The Florida Statutes and case law can be somewhat confusing to a new investor as to which liens survive tax deeds sales. However, per Florida Statute §197.573(2) HOA assessments clearly do not fall into the category of surviving liens after a tax deed sale. The tax deed purchaser is not required to expend money for any purpose, except for municipal or county governmental unit liens.

Homeowner Associations do not enjoy losing money and may attempt to get paid regardless of any statue stating the unlawful nature of such, and sometimes you just get a new person at the reception desk who has never heard of a tax deed sale. Our client was fortunate to have good counsel intervene on his behalf, but this may not be the case for others.

It is not an ideal situation to create tension with the HOA immediately, and some investors may choose instead to negotiate the fees down before taking further legal action. The bottom line is that an HOA lien recorded prior to the tax deed is extinguished by the sale with notice. The HOA should go after the surplus funds for the assessments accrued prior to the sale, not the tax deed purchaser. This is why it is important to know your legal rights as a tax deed purchaser so you can stand firm your ground when legal lines get blurred.

For additional information See:
Florida Statutes §197.552 and §197.573(2).
Lunohah Investments, LLC v. Gaskell, 158 So.3d 619, 621 (Fla. 5d DCA 2013).
A to Z Props., Inc. v. Fairway Palms II Condo. Assoc., Inc., 137 So.3d 453 (Fla. 4d DCA 2014).
Beneva Ridge Condo. Assoc., Inc. v. SRQUS, LLC, 145 So.3d 104 (Fla. 2d DCA 2013).

January 22, 2018

Posted In: Liens, Tax-Deed

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A Scrivener’s Error on a Tax Deed Will Cost You Time and Delay Your Closing.

A Scrivener’s error is quite simply a mistake on the Tax Deed. Examples of the types of mistakes made are:

Errors in the Legal Description of the property.

Misspelling or incomplete name of the Tax Deed purchase.

Let’s assume your LLC name in which you bought the tax deed is misspelled.  This is a major problem as it means the Tax Deed is invalid, as the LLC on the Tax Deed document does not exist as a registered business entity.

The fastest way to correct the error is to make a call to the Clerk of Court’s office.  If it was their mistake, they can easily issue and record a corrective deed.  But if it transpires that the error loops back to you accidentally transposing a letter when you registered, then you are going to get the bad news: “We can’t change it, we just record the owner of the Tax Deed to the entity registered with us.”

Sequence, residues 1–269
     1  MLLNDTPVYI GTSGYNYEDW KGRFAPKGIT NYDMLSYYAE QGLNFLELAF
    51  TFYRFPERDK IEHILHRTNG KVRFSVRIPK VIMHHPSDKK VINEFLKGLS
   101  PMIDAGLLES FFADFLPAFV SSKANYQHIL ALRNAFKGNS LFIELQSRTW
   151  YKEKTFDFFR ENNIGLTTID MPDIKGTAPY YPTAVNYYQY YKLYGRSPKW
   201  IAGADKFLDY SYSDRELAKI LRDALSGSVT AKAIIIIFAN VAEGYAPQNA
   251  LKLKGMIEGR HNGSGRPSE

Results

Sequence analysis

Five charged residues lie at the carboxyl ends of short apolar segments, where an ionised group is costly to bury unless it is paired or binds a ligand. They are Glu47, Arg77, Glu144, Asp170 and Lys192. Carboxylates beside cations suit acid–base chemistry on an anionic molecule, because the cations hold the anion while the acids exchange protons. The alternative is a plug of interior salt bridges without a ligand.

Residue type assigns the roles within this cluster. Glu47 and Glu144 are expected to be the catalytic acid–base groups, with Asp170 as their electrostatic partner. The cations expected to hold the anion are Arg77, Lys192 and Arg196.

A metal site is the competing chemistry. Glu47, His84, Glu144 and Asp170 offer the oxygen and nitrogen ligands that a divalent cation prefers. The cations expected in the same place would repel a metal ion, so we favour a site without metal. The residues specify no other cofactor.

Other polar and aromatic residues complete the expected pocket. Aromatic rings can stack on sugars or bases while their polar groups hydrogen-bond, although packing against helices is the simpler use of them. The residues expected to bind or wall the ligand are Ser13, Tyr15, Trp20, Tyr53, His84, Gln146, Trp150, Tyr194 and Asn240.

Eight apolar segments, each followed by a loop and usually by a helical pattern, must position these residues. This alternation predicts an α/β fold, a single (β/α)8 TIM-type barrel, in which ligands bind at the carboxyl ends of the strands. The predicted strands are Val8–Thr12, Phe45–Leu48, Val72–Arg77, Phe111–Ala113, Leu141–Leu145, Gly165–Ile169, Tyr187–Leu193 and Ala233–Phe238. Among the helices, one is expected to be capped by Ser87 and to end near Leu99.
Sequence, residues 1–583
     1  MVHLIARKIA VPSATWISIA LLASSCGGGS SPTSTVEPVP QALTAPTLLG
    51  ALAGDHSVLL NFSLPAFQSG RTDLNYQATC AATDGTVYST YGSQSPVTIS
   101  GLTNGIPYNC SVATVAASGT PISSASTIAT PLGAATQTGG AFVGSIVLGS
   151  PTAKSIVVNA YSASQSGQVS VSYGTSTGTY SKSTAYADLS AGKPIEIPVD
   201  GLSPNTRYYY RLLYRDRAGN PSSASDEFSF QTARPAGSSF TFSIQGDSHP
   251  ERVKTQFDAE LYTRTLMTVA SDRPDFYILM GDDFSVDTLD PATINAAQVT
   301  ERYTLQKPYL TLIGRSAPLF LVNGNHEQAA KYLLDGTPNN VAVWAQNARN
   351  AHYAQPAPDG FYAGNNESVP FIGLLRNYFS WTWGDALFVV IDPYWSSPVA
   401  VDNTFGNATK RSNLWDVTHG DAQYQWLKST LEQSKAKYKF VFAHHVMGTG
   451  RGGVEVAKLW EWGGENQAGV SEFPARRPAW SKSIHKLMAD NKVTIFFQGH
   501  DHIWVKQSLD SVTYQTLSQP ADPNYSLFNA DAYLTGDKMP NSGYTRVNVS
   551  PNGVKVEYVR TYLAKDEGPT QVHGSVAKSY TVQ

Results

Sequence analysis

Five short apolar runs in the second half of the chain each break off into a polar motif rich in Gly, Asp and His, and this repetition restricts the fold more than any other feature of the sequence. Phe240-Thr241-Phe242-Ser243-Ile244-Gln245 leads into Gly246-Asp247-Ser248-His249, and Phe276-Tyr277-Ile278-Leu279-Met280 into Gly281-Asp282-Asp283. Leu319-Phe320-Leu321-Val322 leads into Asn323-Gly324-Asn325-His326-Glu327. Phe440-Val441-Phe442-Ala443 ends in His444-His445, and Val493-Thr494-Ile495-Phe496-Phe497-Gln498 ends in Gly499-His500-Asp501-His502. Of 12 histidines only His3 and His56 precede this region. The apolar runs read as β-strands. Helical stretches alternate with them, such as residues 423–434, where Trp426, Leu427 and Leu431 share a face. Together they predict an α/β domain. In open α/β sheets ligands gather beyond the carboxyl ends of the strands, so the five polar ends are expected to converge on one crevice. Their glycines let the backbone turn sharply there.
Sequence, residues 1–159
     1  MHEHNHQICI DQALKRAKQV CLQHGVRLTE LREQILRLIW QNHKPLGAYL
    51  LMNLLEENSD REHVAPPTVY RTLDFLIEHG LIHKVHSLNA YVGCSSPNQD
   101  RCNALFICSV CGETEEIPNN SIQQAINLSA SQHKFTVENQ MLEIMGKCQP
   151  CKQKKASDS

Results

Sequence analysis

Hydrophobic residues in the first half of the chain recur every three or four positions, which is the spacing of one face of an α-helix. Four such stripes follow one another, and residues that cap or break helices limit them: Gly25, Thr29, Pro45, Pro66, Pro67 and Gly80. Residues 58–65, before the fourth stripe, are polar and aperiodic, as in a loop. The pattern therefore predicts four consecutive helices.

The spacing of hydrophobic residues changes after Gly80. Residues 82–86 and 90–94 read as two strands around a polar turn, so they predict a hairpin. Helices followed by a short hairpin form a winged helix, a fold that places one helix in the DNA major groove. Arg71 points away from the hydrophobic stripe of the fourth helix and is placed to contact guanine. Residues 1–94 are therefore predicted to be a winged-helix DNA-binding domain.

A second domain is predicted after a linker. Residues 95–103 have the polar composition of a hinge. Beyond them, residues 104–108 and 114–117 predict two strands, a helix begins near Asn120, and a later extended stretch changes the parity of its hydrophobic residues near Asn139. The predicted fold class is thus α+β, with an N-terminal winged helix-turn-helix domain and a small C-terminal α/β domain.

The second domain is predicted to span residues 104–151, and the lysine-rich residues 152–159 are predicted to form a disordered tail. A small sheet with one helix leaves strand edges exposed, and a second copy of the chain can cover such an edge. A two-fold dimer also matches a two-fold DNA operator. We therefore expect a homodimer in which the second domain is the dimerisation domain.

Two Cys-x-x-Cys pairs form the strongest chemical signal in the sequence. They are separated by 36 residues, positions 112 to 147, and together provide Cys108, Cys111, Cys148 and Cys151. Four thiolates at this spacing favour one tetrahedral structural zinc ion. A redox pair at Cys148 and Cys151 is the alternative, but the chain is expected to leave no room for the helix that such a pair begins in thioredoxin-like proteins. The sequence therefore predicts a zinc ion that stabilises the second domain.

There are three ways you can overcome this problem in order of ease:

Try and persuade the Clerk of Courts to issue and record a Corrective Tax Deed (which fixes a problem in an already recorded Deed, but which does not create a new interest) in the County in which the incorrect tax deed was purchased.

Consult with your title agent and their affiliate underwriter to see if you can file and record an affidavit (known as a “One and the Same Affidavit”) in the County of record in order to resolve the title issue. As this document is correcting an already recorded document in Official Records its construction and verbiage is better handled by an attorney.

File a Declaratory Judgment Order against the Clerk of the Court in order to have a Judge rule upon correcting the Tax Deed in your favor.

Make sure you carefully check and read each recorded Tax Deed you buy so you can discover any Scrivener’s errors early.  Don’t delay in seeking to get the errors rectified, especially if you are using a certification process like Cleartosell as the error will only get in the way of you being able to quickly sell the property.

We regularly post help topics to save tax deed investors both time and money. To never miss an educational post from Cleartosell, please subscribe to our Newsletter here

Click Here to watch a short presentation by our Principal Attorney, Paul Krasker, discussing the importance of correcting a mistake on a Tax Deed.

December 28, 2017

Posted In: Attorneys, Auctions, Tax-Deed

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Tax Deed FAQ: “Am I responsible for the outstanding Association liens on a tax-deeded property in Florida?”

Not too long ago we spoke with an investor who had found the perfect condo going up for sale at an upcoming tax deed auction but had immediately lost interest once he discovered a large outstanding condo association lien was attached to it. He realized his mistake when we told him this:


The tax deed purchaser is NOT responsible for past Association liens and there is ample support for this in Florida Statutes.

The issue of tax deeds and Association liens has been heavily litigated in FL for years, but now it is pretty well settled law. Association statutes Chapter 718 & 720 impose liability for past due assessments in relation to property acquired by the transfer of title, however, a tax deed does not represent a transfer of title but the commencement of a new, original and paramount title.